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Coupon Lingo Cheat Sheet

Coupon Lingo Cheat Sheet

Ever wondered what all of those coupon terms and codes meant?  When I first began trying to decipher all of those codes and terms, I scratched my head in confusion a lot and left many of the  coupon forums out there.  Because I couldn’t understand what they were talking about.  I was just getting the hang of texting  shorthand and now, there’s another lingo just for couponing?  I was nervous, I didn’t want to make a mistake when it came time to do my shopping transactions.  Don’t be nervous, you can Stretch Your $s Mile High with coupons.  So for you newbies out there I created a cheat sheet of coupon lingo for you to understand.  I hope this helps.

 

  • AC – After Coupon – Generally refers to the price after the coupon is deducted)
  • AR – After Rebate – Generally refers to the price after the rebate is deducted)
  • Blinkies – Blinkies (Smart Source Coupon Machines) are small red dispensers that blink in order to attract shoppers. They contain coupons and are usually located on store shelves in front of the promoted product. The coupons can be used in any store which accepts coupons. That means if you find a blinkie at Albertsons you can use it at Kroger, WalMart or any other store that accepts manufacturer’s coupons.
  • BOGO, B1G1 – Buy One Get One. If all you see is BOGO, it generally means if you buy one item, then you get one (usually the same item) for free. But it is also used to promote other “Buy One” promotions, such as BOGO1/2P – which means, if you buy one you will get the second one at half price.
  • B1G1F – Buy One Get One Free.
  • CATALINA or CAT – These coupons printed separately from the grocery store receipt although they are printed on receipt-like paper and handed to the customer. The coupons can be used at the store where you received them.
  • CRT – Cash Register Tape
  • DND – Do not Double  These coupons typically don’t start with a number 5.
  • DOUBLE COUPON – Value of the coupon can be doubled. Often times grocery stores will have days where the value of a coupon is doubled. For example, if you had a coupon for dog food for .50 cents off, on a double coupon day the coupon would be redeemed for $1.00 off or double of face value of the coupon.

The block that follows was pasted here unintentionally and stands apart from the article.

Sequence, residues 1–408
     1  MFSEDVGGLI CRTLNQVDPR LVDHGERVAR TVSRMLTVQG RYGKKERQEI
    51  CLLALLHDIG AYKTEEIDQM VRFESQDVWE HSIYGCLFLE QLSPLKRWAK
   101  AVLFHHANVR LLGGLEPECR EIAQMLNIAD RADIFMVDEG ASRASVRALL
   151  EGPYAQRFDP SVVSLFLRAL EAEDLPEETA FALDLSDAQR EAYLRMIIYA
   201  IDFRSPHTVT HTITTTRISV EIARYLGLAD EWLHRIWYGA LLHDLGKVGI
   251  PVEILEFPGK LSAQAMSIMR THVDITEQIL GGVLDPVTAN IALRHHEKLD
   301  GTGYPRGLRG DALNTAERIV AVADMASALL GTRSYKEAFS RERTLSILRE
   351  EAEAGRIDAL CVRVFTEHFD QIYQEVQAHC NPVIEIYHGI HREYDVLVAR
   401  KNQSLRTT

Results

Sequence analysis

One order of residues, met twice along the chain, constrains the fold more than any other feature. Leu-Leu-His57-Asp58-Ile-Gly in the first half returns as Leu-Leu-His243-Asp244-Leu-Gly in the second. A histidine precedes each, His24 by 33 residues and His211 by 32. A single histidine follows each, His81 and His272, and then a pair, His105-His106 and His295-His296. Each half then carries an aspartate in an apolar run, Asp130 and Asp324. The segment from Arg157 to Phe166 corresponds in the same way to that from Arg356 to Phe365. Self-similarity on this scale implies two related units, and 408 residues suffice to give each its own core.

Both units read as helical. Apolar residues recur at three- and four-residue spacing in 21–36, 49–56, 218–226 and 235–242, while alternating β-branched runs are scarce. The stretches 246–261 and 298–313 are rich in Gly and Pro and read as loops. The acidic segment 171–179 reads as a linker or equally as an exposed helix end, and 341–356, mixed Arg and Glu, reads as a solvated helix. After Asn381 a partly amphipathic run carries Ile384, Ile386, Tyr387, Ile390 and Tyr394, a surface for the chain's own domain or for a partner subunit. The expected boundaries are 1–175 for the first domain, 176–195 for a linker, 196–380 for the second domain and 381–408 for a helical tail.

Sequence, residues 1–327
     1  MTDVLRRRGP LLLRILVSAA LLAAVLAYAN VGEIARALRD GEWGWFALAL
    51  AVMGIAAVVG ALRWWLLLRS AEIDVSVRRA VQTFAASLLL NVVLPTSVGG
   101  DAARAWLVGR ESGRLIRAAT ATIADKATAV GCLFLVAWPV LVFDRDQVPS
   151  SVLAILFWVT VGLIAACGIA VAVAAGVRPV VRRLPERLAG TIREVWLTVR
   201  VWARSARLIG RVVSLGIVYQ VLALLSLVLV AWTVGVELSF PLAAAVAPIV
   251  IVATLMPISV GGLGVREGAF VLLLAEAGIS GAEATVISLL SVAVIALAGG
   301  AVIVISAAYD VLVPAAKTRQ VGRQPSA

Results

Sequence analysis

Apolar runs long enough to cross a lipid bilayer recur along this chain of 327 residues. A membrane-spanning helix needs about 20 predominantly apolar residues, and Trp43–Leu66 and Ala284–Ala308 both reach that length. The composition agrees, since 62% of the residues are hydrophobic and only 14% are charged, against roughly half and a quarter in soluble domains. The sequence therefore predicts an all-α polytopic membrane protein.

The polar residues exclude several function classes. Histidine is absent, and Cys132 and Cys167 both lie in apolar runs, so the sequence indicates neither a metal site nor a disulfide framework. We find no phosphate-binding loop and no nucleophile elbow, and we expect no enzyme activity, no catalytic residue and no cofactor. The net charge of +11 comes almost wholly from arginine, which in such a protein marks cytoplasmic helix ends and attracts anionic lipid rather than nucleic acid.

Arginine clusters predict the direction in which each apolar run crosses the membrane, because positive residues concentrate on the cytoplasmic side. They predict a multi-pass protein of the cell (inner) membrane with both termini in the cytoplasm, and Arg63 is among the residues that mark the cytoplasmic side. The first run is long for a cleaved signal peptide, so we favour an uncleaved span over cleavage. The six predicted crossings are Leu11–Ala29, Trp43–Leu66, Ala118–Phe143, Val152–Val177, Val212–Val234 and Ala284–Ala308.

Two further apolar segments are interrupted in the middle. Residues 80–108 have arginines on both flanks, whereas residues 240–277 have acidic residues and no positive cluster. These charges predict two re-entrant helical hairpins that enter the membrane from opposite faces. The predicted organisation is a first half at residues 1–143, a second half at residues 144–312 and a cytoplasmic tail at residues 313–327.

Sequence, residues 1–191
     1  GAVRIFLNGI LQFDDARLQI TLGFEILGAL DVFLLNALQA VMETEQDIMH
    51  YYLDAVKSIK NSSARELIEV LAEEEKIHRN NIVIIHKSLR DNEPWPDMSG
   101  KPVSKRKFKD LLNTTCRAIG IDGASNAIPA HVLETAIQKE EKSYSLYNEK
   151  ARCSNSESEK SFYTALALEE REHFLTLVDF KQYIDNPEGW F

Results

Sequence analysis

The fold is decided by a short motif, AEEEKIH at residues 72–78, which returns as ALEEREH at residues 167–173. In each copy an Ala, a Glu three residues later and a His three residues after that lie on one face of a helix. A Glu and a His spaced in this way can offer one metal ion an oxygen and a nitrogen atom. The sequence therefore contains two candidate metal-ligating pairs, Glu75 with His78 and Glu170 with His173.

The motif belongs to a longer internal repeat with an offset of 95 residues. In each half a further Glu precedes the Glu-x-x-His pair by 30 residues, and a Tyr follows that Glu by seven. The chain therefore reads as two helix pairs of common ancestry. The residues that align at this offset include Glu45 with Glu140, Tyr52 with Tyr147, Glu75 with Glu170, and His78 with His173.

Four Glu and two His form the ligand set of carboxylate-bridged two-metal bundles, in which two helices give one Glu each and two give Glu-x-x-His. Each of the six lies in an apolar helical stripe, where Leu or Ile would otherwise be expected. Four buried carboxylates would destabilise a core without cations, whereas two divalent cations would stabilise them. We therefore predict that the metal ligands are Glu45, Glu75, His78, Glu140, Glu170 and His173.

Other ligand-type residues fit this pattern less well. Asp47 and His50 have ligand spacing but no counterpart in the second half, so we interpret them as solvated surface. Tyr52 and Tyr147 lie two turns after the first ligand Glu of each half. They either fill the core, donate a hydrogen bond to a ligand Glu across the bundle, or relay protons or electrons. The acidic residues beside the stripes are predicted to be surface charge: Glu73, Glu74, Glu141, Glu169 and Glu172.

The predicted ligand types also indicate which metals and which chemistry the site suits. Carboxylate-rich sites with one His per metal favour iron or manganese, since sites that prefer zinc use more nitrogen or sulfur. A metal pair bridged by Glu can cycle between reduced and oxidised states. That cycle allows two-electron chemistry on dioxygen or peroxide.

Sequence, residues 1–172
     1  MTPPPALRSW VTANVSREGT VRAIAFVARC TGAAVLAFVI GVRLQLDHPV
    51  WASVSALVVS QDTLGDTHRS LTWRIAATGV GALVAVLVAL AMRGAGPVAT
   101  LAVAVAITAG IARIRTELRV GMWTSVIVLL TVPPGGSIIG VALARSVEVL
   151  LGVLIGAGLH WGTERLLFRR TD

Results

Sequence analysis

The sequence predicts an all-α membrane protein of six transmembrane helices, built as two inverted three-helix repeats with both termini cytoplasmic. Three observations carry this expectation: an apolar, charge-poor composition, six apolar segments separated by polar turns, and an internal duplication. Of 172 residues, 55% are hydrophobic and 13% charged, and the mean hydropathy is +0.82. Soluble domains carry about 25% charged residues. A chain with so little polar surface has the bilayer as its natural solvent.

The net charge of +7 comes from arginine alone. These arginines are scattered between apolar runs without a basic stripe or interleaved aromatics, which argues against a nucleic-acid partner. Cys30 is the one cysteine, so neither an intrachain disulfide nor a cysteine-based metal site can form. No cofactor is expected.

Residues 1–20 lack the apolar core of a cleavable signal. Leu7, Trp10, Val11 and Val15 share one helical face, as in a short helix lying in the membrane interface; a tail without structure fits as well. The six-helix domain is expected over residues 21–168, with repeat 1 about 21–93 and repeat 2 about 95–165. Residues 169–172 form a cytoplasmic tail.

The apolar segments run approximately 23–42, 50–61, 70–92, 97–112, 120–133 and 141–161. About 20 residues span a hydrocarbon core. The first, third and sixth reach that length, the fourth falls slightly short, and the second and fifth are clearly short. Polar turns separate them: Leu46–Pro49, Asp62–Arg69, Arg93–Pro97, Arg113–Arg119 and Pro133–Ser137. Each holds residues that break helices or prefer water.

• EB/ECB – ExtraCare Bucks you can use at CVS/pharmacy only.
  • ES, ESR – Easy Saver Rebate program from Walgreens.
  • ETA – Edited to Add
  • EXP – Expires
  • FAR – Free After Rebate
  • FIC – Fresh Idea Card
  • GC – Gift Card, Gift Certificate
  • GM – General Mills (Coupon Insert you will find in the Sunday Papers. These seem to come out every month or so.)
  • HBA – The health and beauty aid section in the grocery store
  • HT OR HGT – Hang tags for refunds or coupons hanging on a product
  • IVC – Walgreen’s Instant Value Coupon
  • IP, IPQ – Internet Printable Coupon
  • IVC – Instant Value Coupon (Walgreens Store coupon found in monthly Easy Saver Booklet)
  • K – Kellogg’s – Sunday paper coupon insert.
  • MFR – Manufacturer or Manufacturer’s Coupon
  • MIR – Mail in Rebate
  • NED – No Expiration Date
  • OOP – Out of Pocket
  • OOS – Out of Stock
  • OYNO – On Your Next Order
  • P&G – Proctor & Gamble
  • Peelie – Peelies are coupons attached directly to the product. Tip: Remove the coupon stickers from the item and hand it to the cashier when you check out. Generally cashiers will not deduct the price unless you hand them the peelie coupon. Peelies (for the most part) can only be used in the store where you found it.
  • PSA – Prices Starting At
  • Q – Coupon
  • RC – Raincheck
  • P&G – Proctor & Gamble  (Usually only printed once a month, towards the end of the month.)
  • RP – Red Plum Sunday Supplement Coupons
  • RR – Register Rewards (Walgreens)
  • SS – Smart Source coupons insert
  • STACKING – Using more than one coupon for one product. Also, using a coupon on a marked down item.   See below for more information on stacking.
  • TEAR PAD, TP – Tear Pads are pads with coupons or rebate forms attached and are usually located on the shelf or displayed near the advertised product. The coupons/rebates can be used in any store that accepts manufacturer’s coupons.
  • UPC – Universal Product Code
  • WT – Winetag – These are coupon cards or rebate cards which are placed over the neck of wine bottles or other products packaged in bottles and jars. Many times the coupons are for related food products and do not specify that a purchase of the bottled item is required. Example – A bottle of Kaluha might have a collar coupon for a specific brand of ice cream.
  • WYB – When You Buy
  • YMMV – Your Mileage May Vary – This is often seen in a couponers post on a forum and it means that depending on your store’s policies, the deal posted may or may not work.

Examples:

  • DiGiornos Frozen Pizza – B2G1 FREE, EXP 12-30-14-This means buy two pizzas, get one for FREE!
  • For stacking coupons with manufacturers coupon and store coupons.  It may look like, Buy Bird Seed with .30 off Q with a .30 cents off Target Q. 

Stacking coupons:

The only place that you will be able to stack Q’s for maximum savings is if the store offers their own Q’s.  For example…Target, Walgreens, RiteAid, Kmart.  Or stores that put out there own coupons. 

The best way to tell if the Q you want to use is from a manufacturer or a store.  Right click on the link to the coupon to see if it says the stores name or a manufacturer in the coupon code. 

I hope this list helps you somewhat.  Trust me, once you get the hang of it is really easy to decipher all of those deals out there.  You will really see the savings start rolling in.

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